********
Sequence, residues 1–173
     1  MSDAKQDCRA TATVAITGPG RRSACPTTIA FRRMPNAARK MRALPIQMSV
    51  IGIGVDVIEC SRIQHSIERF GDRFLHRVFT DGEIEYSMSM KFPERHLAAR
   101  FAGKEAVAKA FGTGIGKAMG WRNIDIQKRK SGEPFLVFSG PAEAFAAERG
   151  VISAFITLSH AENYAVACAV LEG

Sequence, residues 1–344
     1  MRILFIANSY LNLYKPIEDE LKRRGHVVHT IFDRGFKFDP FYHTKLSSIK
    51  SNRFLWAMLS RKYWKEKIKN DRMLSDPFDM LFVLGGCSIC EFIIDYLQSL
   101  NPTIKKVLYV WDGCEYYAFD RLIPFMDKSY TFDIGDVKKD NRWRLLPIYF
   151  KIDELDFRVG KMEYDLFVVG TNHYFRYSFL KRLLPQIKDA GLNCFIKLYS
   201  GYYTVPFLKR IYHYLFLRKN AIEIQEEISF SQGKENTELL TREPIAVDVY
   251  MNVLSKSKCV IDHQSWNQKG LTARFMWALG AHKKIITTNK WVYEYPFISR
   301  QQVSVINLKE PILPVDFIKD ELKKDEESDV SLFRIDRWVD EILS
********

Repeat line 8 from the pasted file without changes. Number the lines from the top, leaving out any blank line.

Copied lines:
    51  SNRFLWAMLS RKYWKEKIKN DRMLSDPFDM LFVLGGCSIC EFIIDYLQSL